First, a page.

Now the fun starts






If we're building an aquarium

we're going to need more than

one kind of fish


One way you might think

is to store the species on Fish


class Fish:    def __init__(self, species):
self.species = species
spencer = Fish("Goldfish")susan = Fish("Flounder")


But that is just a string.
  

What if behavior is different?

Okay, then let's create a 

different class for Flounder


class Goldfish:    breathes_in_water = True    skin = "scales"    def move(self, speed):        print "Swimming upright %s!" % speed
class Flounder: breathes_in_water = True skin = "scales" def move(self, speed): print "Swimming sideways %s!" % speed



That seems tedious

Plus, there's so much duplicated code!




What if they could share
the things that they
have in common?

Introducing parent classes

class Fish:    skin = "scales"
class Goldfish(Fish): # <- Fish specified as parent def move(self, speed): print "Moving %s" % speed
>> spencer = Goldfish()>> spencer.skin # <- So it has "skin" from Fish"scales"


Classes will "inherit" all of 
their parent's behavior
and properties

Child classes can also
override parent's behavior

class Fish:    color = "Blue"    # Default fish color is Blue    skin = "scales"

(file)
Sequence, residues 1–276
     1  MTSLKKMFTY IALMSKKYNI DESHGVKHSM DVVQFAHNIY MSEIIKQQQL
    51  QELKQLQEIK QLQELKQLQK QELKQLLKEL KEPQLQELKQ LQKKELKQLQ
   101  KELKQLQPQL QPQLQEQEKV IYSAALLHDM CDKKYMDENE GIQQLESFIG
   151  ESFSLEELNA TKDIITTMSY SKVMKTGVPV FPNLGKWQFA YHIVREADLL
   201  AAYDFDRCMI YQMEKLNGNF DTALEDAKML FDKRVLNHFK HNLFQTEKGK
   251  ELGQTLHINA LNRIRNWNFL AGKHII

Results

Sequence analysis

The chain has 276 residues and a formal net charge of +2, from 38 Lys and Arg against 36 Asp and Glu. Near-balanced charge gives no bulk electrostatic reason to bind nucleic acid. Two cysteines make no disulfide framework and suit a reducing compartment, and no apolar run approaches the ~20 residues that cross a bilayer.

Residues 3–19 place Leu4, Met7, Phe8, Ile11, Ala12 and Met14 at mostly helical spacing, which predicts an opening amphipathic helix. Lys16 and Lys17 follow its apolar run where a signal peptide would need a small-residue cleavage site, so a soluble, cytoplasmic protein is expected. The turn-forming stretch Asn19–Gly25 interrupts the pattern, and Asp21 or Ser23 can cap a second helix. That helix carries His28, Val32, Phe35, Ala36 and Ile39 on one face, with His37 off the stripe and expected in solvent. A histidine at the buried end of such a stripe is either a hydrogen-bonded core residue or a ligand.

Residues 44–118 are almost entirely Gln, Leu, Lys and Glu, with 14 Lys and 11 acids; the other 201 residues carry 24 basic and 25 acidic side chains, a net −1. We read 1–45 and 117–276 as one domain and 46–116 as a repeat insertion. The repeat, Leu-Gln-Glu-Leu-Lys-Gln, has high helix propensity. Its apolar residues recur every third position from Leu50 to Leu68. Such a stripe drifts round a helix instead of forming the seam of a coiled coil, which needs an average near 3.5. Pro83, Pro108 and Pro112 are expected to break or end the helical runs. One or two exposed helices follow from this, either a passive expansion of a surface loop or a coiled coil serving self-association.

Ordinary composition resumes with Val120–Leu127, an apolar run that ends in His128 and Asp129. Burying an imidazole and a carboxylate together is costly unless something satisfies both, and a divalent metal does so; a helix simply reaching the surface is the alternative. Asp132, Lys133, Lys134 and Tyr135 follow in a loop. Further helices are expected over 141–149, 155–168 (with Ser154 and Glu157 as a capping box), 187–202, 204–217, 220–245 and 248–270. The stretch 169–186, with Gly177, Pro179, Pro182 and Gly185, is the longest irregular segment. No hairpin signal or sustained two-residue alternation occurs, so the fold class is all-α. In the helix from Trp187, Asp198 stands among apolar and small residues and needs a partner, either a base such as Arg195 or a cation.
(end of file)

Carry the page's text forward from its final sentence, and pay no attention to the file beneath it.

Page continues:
class Flounder(Fish): pass # Inherits color = "Blue" from parent
class Goldfish(Fish): color = "Gold" # Override color for Goldfish
>> susan = Flounder()>> susan.color"Blue">> spencer = Goldfish()>> spencer.color"Gold"

We can test if a fish is
a certain type

class Fish:    pass
class Goldfish(Fish): pass
class Flounder(Fish): pass
>> spencer = Goldfish()>> isinstance(spencer, Fish)True>> isinstance(spencer, Goldfish)True>> isinstance(spencer, Flounder)False

Now that you know about
parent classes, always give
your top class a parent of
"object" (2.7 only)


class Fish(object):    pass
class Goldfish(Fish): pass


object is the mother of all parent classes

Read this like




Goldfish is a more specific



Fish, which is a more specific



Object



(Object being the most general thing we can arrive at)

Let's put some fish into
an aquarium


Try this by yourself before
continuing

Hint:


Make another class called Aquarium that holds
instances of fish, and assign some fish instances to it

Aquarium class

class Aquarium(object):    fish = []    def __init__(self, fish):        self.fish = fish
class Fish(object): color = "Blue"
def __init__(self, name): self.name = name
class Goldfish(Fish): color = "Gold"
class Flounder(Fish): pass
>> my_fish = [Goldfish("Spencer"), Goldfish("Vladimir"), Flounder("Susan")]>> my_aquarium = Aquarium(my_fish)>> for fish in my_aquarium.fish:... print fish.name

Extra credit:  Feeding your fish


Implement a .feed() method
on both your aquarium class
and your fish class


Feeding your aquarium then
in turn feeds each of the fish
in it



Feeding your fish

class Aquarium(object):    ...    def feed(self, food):        for fish in self.fish:            fish.eat(food)
class Fish(object): ... def eat(self, food): print self.name + " is eating " + food + "!"
class Goldfish(Fish): pass
>> my_aquarium = Aquarium([Goldfish("Spencer"), Goldfish("Susan")])
>> my_aquarium.feed("flakes")Spencer is eating flakes!Susan is eating flakes!




That's all folks!



Questions?


Classes in Python

By Jason Myers

Classes in Python

A brief tutorial on Python classes, initially used as a supplement for http://learnpythonthehardway.com/book